Scottish National Dictionary (1700–)
INCOME, n., v. Also incume. Sc. usages:
I. n. 1. Entrance, advent, arrival, coming in (n.Sc. 1825 Jam.; Bnff., Abd., Ags., Rxb. 1958), of weather or natural phenomena (Sh. 1958). Now rare in Eng.
Ayr. 1822 H. Ainslie Pilgrimage 39:
Frae the settle o' the night To the income o' the light. Ags. 1826 J. Bissett Misc. Poems 90:
About the income o' the day. Kcd. 1894 J. Kerr Reminisc. III. 5:
Frae the income o' May, till November held sway, Nae stockin's or boots could be worn. Abd. 1920 A. Robb MS.:
It wis the fashion amo' the farmer fowk to buy a little heilan stirkie aboot the income fae the girse.
2. A new-comer, new arrival, esp. one who comes to settle in a place (Abd. 1825 Jam.). Also used fig.
Bch. 1804 W. Tarras Poems 14:
Lat's try this income [the New Year], how he stands. Ayr. 1823 Galt Entail l.:
“This new income,” as she called the adopted orphan. Abd. 1898 Wkly. Free Press (12 March):
When a young man in the real fishing village pays court to the daughter of a crofter or a tradesman, the women of the fishing community rise in revolt against the newcomer, or “income,” as they term her.
3. An illness or infirmity not due to any apparent external cause (Sc. 1808 Jam.; Cai. 1902 E.D.D.; Fif. 1909 Colville 139; Dmf.3 1920; Cai., ne.Sc., Ags., Rnf. 1958), often applied to a swelling, abscess, boil or other festering sore (Uls. 1880 Patterson Gl.; Sh. 1947 New Shetlander (June-July) 2; I. and n.Sc., Fif., Slg., wm.Sc., Kcb. 1958), or to a disease of a bone or joint (ne.Sc. 1958), a sharp attack of pain, a stitch in the side (n.Sc., Ags., Ayr., Kcb., Rxb. 1958). Cf. Oncome.
Ayr. 1822 Galt Sir A. Wylie xciii.:
She had got an income in the right arm, and couldna spin. Abd. 1826 Aberdeen Censor 232:
On the vera last winter, when I was ill wi' an income. s.Sc. 1836 Wilson's Tales of Borders II. 7:
Ye'll aiblins ken what an income is? . . . Weel ye maun ken that the bairn's fashed wi' a maist tremendous ane in the heuch o' his knee. Lnk. 1859 J. Brown Rab 13:
She's got a trouble in her breest — some kind o' an income we're thinkin'. Kcb. 1897 Crockett Lads' Love iii.:
He got a sair income in his side this mornin' on the hill. Edb. 1916 J. Fergus The Sodger 19:
When ye've a hoast or income, or ha'e naething wrang ava'. wm.Sc. 1935 J. Corrie The Income 7:
An income in the big tae, sir, and you're a stiff corpse in twenty-five minutes unless you get it cut off. Bnff. 1939 J. M. Caie Hills & Sea 46:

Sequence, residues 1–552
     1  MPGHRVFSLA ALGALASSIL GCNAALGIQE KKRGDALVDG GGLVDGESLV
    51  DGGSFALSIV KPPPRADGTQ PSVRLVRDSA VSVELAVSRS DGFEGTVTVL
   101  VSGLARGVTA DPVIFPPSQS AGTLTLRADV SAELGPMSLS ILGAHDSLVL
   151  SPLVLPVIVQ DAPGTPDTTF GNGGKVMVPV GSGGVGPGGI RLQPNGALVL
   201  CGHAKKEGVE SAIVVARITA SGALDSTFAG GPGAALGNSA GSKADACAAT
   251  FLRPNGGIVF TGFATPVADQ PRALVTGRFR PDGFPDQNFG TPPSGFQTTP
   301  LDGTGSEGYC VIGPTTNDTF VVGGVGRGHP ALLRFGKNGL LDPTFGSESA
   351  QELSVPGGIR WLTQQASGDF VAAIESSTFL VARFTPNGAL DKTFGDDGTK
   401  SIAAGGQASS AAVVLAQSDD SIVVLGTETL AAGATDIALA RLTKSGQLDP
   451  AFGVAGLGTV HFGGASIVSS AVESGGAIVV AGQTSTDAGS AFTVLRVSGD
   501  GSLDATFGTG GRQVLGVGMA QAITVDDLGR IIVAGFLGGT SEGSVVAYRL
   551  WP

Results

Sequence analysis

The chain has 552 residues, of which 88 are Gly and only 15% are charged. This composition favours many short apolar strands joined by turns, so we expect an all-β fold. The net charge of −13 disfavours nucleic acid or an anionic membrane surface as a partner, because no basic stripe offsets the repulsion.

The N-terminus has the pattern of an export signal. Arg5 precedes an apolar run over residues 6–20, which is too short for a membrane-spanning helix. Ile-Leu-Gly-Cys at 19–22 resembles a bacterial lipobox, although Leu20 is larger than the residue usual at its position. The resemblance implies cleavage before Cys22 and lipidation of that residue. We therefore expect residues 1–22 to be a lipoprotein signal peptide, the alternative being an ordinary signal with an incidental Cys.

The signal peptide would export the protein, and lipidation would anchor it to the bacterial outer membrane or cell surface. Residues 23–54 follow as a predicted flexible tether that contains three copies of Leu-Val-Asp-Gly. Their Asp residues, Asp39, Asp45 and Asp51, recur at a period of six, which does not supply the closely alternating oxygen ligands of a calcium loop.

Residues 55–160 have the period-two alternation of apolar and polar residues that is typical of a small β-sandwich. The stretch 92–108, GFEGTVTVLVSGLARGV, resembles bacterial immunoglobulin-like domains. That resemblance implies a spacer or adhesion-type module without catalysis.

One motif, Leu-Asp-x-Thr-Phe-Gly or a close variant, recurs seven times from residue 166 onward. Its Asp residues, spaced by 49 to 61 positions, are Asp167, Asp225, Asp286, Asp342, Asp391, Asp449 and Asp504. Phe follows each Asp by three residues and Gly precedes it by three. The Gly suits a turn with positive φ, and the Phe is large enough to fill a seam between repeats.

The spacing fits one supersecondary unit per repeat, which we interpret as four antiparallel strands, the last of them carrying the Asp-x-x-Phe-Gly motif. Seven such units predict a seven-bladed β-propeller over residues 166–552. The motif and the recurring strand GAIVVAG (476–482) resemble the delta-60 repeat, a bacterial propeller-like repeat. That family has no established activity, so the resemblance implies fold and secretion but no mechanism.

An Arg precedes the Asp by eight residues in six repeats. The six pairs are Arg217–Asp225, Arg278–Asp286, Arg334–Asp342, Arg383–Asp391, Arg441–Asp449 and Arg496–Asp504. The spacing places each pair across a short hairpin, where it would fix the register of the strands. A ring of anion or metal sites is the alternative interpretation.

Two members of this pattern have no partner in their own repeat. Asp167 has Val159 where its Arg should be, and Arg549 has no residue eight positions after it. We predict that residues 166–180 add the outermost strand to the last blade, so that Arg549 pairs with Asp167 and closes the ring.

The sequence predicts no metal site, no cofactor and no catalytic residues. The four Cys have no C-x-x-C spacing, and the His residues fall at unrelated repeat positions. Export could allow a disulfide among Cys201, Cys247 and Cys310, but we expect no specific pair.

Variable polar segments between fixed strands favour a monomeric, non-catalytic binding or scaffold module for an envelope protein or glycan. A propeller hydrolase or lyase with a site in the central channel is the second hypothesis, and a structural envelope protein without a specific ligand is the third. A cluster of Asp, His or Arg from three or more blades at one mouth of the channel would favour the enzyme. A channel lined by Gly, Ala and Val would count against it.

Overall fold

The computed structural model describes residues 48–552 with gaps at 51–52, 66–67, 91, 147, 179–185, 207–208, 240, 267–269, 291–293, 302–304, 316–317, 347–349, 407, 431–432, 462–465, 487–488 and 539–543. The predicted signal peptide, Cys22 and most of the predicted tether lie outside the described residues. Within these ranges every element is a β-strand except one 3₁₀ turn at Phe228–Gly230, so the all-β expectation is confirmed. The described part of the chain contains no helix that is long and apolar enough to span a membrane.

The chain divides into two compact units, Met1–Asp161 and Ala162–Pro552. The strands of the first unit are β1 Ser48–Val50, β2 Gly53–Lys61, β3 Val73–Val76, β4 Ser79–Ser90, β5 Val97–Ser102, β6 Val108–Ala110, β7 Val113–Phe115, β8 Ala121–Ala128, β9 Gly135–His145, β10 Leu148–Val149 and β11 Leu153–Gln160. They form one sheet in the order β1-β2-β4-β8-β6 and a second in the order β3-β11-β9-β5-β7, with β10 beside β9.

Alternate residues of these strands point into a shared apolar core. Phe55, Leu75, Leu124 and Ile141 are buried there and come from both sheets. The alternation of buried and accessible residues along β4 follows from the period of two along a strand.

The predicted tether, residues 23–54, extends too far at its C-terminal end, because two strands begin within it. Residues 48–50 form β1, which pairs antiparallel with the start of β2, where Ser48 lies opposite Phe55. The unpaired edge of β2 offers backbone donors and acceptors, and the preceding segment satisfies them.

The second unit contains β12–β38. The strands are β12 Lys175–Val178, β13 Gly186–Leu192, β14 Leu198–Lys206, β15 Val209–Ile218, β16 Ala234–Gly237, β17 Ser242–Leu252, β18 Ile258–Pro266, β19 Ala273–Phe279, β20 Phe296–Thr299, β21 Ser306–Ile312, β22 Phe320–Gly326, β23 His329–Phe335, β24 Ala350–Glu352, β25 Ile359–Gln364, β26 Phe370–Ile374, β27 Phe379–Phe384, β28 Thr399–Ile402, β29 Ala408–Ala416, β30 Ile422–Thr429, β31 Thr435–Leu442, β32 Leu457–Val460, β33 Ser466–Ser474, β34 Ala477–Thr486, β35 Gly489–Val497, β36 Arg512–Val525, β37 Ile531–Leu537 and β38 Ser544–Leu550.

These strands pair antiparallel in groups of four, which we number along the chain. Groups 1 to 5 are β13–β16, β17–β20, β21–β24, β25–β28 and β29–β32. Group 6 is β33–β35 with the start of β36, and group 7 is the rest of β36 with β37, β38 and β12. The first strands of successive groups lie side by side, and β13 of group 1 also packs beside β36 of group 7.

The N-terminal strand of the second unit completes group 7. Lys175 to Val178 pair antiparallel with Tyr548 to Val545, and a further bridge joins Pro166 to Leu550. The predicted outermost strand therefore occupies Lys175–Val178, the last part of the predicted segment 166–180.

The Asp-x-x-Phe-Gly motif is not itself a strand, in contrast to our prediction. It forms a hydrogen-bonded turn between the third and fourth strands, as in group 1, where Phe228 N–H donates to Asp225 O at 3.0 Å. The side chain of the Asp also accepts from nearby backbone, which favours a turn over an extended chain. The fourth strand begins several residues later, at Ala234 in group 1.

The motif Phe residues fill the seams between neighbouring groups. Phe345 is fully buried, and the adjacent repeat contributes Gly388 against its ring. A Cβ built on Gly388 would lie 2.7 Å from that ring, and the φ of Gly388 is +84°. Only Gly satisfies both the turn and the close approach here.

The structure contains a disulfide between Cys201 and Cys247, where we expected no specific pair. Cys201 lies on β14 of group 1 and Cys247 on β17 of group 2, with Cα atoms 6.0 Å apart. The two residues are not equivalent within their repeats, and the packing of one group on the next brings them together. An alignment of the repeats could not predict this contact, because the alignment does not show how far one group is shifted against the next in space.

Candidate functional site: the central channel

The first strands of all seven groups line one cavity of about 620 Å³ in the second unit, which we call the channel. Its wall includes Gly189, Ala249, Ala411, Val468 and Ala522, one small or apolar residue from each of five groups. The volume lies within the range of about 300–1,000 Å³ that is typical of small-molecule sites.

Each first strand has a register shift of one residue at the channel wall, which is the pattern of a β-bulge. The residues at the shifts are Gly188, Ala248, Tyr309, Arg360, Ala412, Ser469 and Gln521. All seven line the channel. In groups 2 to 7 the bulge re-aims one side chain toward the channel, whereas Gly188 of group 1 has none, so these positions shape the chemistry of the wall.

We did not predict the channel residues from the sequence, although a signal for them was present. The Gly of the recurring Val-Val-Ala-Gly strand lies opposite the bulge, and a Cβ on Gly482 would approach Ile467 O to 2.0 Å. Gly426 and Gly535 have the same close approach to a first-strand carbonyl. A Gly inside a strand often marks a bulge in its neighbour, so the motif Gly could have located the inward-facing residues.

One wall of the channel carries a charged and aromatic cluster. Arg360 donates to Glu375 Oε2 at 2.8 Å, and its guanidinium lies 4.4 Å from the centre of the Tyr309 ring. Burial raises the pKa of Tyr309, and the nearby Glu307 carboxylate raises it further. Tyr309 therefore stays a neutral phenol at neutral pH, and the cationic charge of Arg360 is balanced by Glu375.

His eyn cam' seen: Some income took him. He had cla'd his caup.
4. Of things weighed and measured: a shrinkage from the stated quantity or amount expected. “Herrings of very poor quality shrink so much in the process of curing, that the result may be a less number of barrels of cured fish than of crans of green fish. Those of best quality usually give a considerable ootcome” (Cai. 1902 E.D.D., Cai. 1958).
II. v. To come in, enter. Gen. in ppl.adjs. income, newly come in; washed ashore; incomin(g), of a period of time: about to begin, ensuing (Sc. 1808 Jam.); of a person: newly arrived, succeeding (in a tenancy, a post, or the like). Gen.Sc. Cf. Outgoing.
Sc. 1743 R. Maxwell Select. Trans. 116:
What I have hitherto observed is only of Ware thrown in by the Sea, which the Farmers call Income Ware. Sc. 1753 Trial of James Stewart App. 52:
As to the agreement betwixt him and the incoming tenants, when he undertook to be their bouman. Fif. 1894 A. S. Robertson Provost 168:
There's a chance o' the Queen comin' to the toon this incomin' simmer. Edb. 1894 P. H. Hunter J. Inwick 248:
Ye're the laird, ye ken, an' the incomin tenant forby. Sh. 1897 Shetland News (10 July):
What wid ye say ta wis caain' some day da incomin' ook. Gall. 1901 Trotter Gall. Gossip 73:
A great denner he wus gaun 'a' hae on the incomin Tuesday. m.Sc. 1927 J. Buchan Witch Wood i.:
“Do they call it the Black Wood?” Gibbie spat. “Incomin' bodies, nae doot,” he said in contempt. “But it's just the Wud wi' nae ‘black' aboot it.” Sh. 1937 J. Nicolson Yarns 90:
Hummel bummel boddamless Hadds a' 'at incomes. A petticoat. Although it has no bottom, it holds all that is put into it.
Deriv. incomer, n., as in Eng., a newcomer, stranger, immigrant, specif. in Scot. of one who is not a native of the district into which he comes to settle and who does not, in the eyes of the natives, form a natural part of the community. It has a somewhat derogatory connotation and often implies an intruder. Gen.Sc.
Rxb. 1736 J. J. Vernon Par. Hawick (1900) 207:
The great prejudice sustained by the Kirk Session in supporting of Strangers and Incomers to the toun. Abd. 1871 W. Alexander Johnny Gibb xlix.:
Dawvid keest up till 'im that he was only an incomer. Arg. 1901 N. Munro Doom Castle iv.:
Some of them are cadets of his own family, always blunt opponents of mine and of our cause here and elsewhere; some are incomers, as we call them. Lnk. 1923 G. Rae Langsyne in Braefoot i.:
I am an “incomer,” and worse — an Englishman. Sc. 1952 Scots Mag. (Aug.) 346:
There are two kinds of incomers, those who remain critically and residentially aloof — who are in the village yet not of the village — and those who enter into the spirit of the township and . . . make a real social and cultural contribution to the community life.
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"Income n., v.". Dictionary of the Scots Language. 2004. Scottish Language Dictionaries Ltd. Accessed 27 May 2018 <http://www.dsl.ac.uk/entry/snd/income>
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